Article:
Vaccine virus RNA has been detected by RT-PCR in blood, saliva, urine, and fluid from skin vesicles of vaccinated individuals. Transmission of vaccine virus is a theoretical possibility.


The most commonly reported local and systemic adverse events in clinical trials were:

  • Individuals 18 years of age and older: injection-site pain (70%); headache (55%); feverishness (39%); muscle pain (33%); somnolence, reduced activity, fatigue (26%); joint pain, arthralgia (19%); chills (17%); injection-site swelling (17%); decreased appetite (15%); abdominal pain (13%); injection-site redness (12%); nausea (10%); arthritis (5%); vomiting (4%), rash (4%); abnormal sweating (3%) and mouth ulceration (2%).
  • Individuals 12 months through 2 years of age: feverishness (83%); crying (31%); decreased appetite (27%); injection-site pain (26%); somnolence, reduced activity, fatigue (20%); diarrhea (19%); vomiting (17%); irritability (11%); screaming (10%); mouth ulceration (6%); chills (5%); injection-site swelling (5%); headache (4%); abdominal pain (2%); abnormal sweating (2%) and injection-site erythema (1%).
  • Individuals 3 years through 11 years of age: feverishness (65%); headache (50%); injection-site pain (40%); decreased appetite (24%); somnolence, reduced activity, fatigue (22%); abdominal pain (21%); chills (14%); myalgia (12%); vomiting (11%); dizziness (8%); nausea (8%); injection-site pruritus (7%); crying (3%); arthralgia (3%); diarrhea (3%); injection-site swelling (3%); abnormal sweating (1%); mouth ulceration (2%) and irritability (1%).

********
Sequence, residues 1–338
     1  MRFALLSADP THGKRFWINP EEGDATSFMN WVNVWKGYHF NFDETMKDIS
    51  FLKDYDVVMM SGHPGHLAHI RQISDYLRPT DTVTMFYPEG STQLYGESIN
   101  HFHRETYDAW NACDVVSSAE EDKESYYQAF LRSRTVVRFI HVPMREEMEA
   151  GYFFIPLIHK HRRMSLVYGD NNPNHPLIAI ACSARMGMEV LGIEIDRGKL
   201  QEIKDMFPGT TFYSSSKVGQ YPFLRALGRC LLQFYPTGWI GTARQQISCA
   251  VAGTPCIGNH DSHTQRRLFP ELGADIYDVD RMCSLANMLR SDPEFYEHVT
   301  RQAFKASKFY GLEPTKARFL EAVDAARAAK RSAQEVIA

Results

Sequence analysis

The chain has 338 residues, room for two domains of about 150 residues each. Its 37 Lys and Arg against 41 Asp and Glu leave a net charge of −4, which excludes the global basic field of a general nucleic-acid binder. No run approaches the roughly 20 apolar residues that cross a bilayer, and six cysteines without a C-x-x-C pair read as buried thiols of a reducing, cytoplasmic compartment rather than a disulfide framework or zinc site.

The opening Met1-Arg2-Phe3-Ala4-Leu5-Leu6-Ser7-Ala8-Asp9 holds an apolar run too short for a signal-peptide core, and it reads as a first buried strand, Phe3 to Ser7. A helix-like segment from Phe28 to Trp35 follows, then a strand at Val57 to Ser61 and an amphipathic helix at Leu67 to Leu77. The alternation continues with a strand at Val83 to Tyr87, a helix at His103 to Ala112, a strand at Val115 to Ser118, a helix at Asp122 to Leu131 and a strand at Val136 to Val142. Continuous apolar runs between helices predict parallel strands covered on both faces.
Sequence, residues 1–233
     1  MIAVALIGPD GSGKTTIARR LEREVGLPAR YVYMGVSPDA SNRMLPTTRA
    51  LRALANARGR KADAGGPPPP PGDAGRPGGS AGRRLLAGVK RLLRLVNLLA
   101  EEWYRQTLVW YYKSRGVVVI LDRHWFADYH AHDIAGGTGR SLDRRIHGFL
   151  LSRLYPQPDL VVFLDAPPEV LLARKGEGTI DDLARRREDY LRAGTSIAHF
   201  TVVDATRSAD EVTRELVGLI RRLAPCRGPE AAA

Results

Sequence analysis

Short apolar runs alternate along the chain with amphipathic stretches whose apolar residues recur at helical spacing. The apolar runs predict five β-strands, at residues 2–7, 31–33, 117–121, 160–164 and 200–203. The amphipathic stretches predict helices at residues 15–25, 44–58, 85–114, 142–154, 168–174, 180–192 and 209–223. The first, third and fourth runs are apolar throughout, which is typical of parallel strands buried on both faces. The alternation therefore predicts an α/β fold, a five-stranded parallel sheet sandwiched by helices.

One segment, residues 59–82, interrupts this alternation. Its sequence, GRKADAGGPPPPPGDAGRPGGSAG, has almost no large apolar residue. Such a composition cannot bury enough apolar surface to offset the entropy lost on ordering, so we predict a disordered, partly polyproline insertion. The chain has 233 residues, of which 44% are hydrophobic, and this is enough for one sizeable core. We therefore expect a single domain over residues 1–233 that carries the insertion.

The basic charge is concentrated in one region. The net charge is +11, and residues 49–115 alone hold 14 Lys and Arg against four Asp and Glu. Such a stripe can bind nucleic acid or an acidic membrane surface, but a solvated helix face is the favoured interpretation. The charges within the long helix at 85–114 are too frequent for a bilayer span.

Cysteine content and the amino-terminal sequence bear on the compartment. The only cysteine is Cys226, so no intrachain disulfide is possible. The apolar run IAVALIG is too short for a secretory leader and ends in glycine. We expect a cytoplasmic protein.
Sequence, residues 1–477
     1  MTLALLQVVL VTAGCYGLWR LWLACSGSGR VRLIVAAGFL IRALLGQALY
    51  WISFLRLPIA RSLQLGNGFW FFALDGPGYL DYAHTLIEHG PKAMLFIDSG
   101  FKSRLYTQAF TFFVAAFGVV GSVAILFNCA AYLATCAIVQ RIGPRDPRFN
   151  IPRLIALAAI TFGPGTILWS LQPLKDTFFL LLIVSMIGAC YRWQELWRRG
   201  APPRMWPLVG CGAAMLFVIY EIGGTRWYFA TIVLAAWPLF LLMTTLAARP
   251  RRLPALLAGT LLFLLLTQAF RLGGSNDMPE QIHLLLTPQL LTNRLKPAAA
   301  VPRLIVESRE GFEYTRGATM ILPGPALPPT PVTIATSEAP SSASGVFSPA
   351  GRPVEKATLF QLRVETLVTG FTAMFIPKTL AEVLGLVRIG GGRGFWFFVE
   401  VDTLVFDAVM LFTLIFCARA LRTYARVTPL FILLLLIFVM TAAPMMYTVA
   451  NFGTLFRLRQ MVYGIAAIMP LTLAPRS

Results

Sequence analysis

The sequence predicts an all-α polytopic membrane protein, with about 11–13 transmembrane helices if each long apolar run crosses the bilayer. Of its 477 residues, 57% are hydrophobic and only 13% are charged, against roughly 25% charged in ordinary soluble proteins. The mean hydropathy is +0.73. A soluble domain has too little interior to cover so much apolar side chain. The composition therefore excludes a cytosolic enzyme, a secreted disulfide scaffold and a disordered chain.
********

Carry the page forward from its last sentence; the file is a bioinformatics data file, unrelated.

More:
• Individuals 12 years through 17 years of age: headache (59%); injection-site pain (52%); feverishness (48%); myalgia (30%); somnolence, reduced activity, fatigue (28%); decreased appetite (21%); chills (19%); dizziness (17%); abdominal pain (16%); arthralgia (16%); nausea (8%); abnormal sweating (5%); diarrhea (4%); vomiting (4%); injection-site pruritus (3%); injection-site swelling (3%) and mouth ulceration (2%).


Interference with Laboratory Tests

Following vaccination with ERVEBO, individuals may test positive for anti-Ebola glycoprotein (GP) antibody and/or Ebola GP nucleic acid or antigens. GP-based testing may have limited diagnostic value during the period of vaccine viremia, in the presence of vaccine-derived Ebola GP, and following antibody response to the vaccine.


There are no adequate and well-controlled studies of ERVEBO in pregnant women, and human data available from clinical trials with ERVEBO are insufficient to establish the presence or absence of vaccine-associated risk during pregnancy.

Human data are not available to assess the impact of ERVEBO on milk production, its presence in breast milk, or its effects on the breastfed child.


ERVEBO® is indicated for the prevention of disease caused by Zaire ebolavirus in individuals 12 months of age and older.

Limitations Of Use

The duration of protection conferred by ERVEBO is unknown. ERVEBO does not protect against other species of Ebolavirus or Marburgvirus. Effectiveness of the vaccine when administered concurrently with antiviral medication, immune globulin (IG), and/or blood or plasma transfusions is unknown.